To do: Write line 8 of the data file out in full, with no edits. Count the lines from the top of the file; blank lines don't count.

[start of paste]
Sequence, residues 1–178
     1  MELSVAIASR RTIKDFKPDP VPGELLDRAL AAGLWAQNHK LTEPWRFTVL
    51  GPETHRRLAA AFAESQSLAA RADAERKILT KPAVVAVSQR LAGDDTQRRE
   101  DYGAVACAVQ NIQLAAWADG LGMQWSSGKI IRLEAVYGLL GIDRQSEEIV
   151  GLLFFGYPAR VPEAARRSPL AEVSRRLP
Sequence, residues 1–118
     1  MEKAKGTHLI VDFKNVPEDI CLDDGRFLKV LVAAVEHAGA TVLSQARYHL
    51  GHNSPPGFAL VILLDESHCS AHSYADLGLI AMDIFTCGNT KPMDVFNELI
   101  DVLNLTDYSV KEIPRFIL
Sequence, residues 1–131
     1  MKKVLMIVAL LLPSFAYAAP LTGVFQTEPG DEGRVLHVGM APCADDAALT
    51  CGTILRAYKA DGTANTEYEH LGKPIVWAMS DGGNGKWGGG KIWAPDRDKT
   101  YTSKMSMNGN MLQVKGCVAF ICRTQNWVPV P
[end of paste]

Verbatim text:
    51  GHNSPPGFAL VILLDESHCS AHSYADLGLI AMDIFTCGNT KPMDVFNELI